Dr. Pramod K Nayar, Professor in the Department of English, School of Humanities at University of Hyderabad (UoH) spoke on his current research and writing – a book-length study Transnational Identities: Globality in English Literature, from Shakespeare to the Modern on 3rd March 2014 at the Auditorium of the School of Humanities.
In his talk attended by faculty, students and staff of the University, Dr. Nayar said that England’s literary history is a legacy of its transnational linkages, as the book sets out to demonstrate. In the book he states that in every period of English literature we can locate major movements, authors and texts who/that define English identity and nationhood via a negotiation with Arab, Indian, Chinese and other Asian regions and cultures.
Dr. Nayar also argues that, right from the 1550s, the racial-cultural Other was not simply ‘out there’: it was very much constitutive of the English domestic, social and cultural imaginary, life and discourse. While works such as Catherine Hall’s and Antoinette Burton’s have underscored the centrality of the Empire and its peripheries to the making of imperial Victorian England, this book makes a case for seeing the peripheries of the known world central to England’s cultural landscape even before the age of Empire, he adds.
Dr. Nayar teaches courses in Literary Theory, the English Romantics, Postcolonial Literatures and Cultural Studies. His interests lie in English colonial writings on India, Human Rights narratives and Cultural Studies, with a consistent publication record in these areas. Among his book-length publications are Frantz Fanon ; Posthumanism ; Colonial Voices: The Discourses of Empire ; Digital Cool ; Writing Wrongs: The Cultural Construction of Human Rights in India ; English Writing and India, 1600-1920: Colonizing Aesthetics ; Postcolonial Literature, among others. He is also the editor of the multivolume Women in Colonial India: Historical Documents and Sources, The New Media and Cybercultures Anthology and The Penguin 1857 Reader. His work has appeared in Modern Fiction Studies, South Asian Review, Jl. of Postcolonial Writing, Jl. of Commonwealth Literature, Ariel,Changing English, Jl. of British Studies, Prose Studies, Studies in Travel Writing, Journeys, New Zealand Jl. of English Studies and other international journals. Forthcoming books include one on surveillance culture, The Postcolonial Studies Dictionary and the edited Postcolonial Studies Anthology.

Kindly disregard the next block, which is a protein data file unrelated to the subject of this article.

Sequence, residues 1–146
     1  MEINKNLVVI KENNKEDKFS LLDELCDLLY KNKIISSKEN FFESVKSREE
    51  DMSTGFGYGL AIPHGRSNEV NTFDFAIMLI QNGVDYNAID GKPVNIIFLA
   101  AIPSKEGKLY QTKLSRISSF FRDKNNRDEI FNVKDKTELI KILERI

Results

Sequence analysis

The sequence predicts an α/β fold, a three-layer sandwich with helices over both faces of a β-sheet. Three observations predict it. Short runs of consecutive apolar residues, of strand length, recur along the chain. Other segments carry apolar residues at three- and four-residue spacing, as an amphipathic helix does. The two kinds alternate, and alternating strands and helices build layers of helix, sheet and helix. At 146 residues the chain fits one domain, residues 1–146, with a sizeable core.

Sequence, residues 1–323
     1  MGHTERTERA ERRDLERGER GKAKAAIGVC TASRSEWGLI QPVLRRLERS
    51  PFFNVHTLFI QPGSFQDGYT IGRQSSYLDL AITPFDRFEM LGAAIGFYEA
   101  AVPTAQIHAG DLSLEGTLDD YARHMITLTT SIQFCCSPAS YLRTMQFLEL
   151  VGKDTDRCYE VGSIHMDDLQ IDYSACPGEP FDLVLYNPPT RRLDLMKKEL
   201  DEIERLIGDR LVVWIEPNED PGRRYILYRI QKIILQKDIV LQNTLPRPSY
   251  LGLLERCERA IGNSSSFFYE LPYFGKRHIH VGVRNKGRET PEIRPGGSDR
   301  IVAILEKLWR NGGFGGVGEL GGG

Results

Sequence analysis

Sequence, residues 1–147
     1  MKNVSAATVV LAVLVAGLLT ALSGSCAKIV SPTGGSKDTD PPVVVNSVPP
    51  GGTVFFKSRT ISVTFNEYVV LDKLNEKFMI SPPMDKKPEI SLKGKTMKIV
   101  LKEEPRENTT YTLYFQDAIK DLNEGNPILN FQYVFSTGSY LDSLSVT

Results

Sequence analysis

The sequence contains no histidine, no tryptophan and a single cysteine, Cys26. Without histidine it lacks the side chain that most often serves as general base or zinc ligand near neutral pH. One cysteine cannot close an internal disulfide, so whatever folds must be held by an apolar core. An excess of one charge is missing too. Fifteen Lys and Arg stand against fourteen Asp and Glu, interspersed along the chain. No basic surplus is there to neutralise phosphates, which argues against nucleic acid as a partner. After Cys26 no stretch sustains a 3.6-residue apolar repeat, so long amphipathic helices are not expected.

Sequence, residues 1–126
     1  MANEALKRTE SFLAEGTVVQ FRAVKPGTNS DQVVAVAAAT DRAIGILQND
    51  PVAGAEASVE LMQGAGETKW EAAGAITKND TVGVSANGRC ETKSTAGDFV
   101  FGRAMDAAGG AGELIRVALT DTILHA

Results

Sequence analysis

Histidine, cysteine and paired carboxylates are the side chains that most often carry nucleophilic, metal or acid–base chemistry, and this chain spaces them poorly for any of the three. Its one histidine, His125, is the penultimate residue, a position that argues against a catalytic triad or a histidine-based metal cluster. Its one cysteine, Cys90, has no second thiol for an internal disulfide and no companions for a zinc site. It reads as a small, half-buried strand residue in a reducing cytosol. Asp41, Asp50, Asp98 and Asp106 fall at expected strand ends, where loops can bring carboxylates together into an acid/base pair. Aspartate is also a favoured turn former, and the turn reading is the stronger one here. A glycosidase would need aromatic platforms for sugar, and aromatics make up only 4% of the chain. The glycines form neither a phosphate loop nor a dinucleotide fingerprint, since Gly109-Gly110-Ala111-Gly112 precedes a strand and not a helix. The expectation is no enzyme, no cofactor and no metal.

Prof. Ramakrishna Ramaswamy, Vice-Chancellor, UoH presided over the lecture.